My post for T-SQL Tuesday #130 is going to be how I automated my companies SQL Server Permissions Audit process. Even though this only occurs every quarter it is something that I as the DBA never look forward to and the business partners never really enjoy. In an effort to streamline the process from start to finish I built automation using PowerShell, dbatools and ImportExcel. The process now builds the permissions audit file, extracts individual users from Active Directory and e-mails the information to the appropriate team(s) for review.

Read on for details about the process.

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Automating Azure Resource Deletion

Drew Skwiers-Koballa has put together a runbook to remove Azure resources tagged in a certain way:

Microsoft puts a lot of effort into making it easy for you to log on to and spin up a VM, SQL Database, Function, or other instance. The Visual Studio Enterprise subscription with $150 credit per month can go quickly if you’re not careful to stop or remove big ticket items as soon as you’re done with them. Even if you have a virtually unlimited Azure account connected to a credit card, expense account, or a trust fund – you probably don’t want to accidentally leave something running longer than it is needed.

With an Azure Automation account and a Powershell workflow runbook I’m able to use resource tags to set resources for autodeletion by date or immediately that evening.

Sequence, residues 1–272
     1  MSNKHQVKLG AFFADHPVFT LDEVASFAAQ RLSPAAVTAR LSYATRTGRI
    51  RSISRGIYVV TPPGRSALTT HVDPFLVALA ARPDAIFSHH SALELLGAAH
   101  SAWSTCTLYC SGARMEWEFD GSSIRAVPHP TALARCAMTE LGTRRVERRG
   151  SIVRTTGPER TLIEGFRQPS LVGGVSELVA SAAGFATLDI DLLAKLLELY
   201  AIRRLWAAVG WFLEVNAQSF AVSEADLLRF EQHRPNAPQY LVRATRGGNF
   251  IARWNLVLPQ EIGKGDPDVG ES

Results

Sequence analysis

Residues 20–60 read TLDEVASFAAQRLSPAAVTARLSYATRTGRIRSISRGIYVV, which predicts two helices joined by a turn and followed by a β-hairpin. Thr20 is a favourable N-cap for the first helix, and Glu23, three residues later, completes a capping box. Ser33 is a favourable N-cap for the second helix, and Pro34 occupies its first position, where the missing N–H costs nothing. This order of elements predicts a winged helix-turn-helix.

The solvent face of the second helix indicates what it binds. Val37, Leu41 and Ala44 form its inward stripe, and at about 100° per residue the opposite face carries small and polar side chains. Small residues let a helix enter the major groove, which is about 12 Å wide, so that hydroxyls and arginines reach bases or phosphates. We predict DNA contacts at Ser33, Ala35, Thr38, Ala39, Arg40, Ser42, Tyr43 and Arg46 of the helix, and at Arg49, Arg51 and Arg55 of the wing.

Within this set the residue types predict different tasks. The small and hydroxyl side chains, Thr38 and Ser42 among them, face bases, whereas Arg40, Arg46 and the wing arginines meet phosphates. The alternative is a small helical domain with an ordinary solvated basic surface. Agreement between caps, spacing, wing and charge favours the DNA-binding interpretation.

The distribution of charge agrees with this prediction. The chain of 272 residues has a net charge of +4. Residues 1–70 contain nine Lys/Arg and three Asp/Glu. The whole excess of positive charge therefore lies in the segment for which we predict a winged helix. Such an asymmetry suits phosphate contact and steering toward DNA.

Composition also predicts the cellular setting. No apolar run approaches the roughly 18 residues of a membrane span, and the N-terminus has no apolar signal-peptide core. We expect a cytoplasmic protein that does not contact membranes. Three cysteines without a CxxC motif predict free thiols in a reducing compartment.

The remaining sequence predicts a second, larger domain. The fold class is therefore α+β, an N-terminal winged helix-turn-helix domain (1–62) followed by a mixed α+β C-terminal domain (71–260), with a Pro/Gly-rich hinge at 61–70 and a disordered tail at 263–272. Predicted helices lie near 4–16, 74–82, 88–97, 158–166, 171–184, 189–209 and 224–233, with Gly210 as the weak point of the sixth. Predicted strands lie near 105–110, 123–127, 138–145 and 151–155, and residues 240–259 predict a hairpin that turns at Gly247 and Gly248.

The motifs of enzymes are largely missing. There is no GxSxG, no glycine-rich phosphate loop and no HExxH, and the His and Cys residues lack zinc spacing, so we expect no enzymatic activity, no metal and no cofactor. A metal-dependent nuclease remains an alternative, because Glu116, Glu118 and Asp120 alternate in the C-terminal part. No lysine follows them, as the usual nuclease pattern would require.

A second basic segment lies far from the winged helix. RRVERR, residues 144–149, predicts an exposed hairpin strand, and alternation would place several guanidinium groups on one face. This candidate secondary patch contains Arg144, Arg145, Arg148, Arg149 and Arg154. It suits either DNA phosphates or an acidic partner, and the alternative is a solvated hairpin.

Click through for that runbook.

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Data Importation and Exportation with dbatools

Mikey Bronowski continues a series on dbatools functionality vis-a-vis SQL Server Management Studio:

The SSMS offers to script out lots of the SQL Server objects, however it can be limited in some areas. Using Get-Dba* commands and piping them into Export-DbaScript may add few more options. For example SQL Agent jobs:

Click through for just shy of a dozen cmdlets to help you run your data import-export business.

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Dealing with Failing SQL Agent Jobs

Garry Bargsley has started a four-part series:

SQL Server Agent Jobs are one of the core features of SQL Server. Agent Jobs perform many actions, from maintenance tasks (server and database), data movement flows, replication, log shipping, data cleanup, health checks and many more. Since Agent Jobs are a critical component in a data organization, it is important to know when Agent Jobs do not succeed. There are several ways to accomplish the monitoring of failed Agent Jobs, from easy to more complex. This four part series is going to cover how you, the DBA, can be notified of failing Agent Jobs in your SQL Server environment.

Click through for part one, which is all about finding failed jobs and filtering down to relevant jobs using dbatools.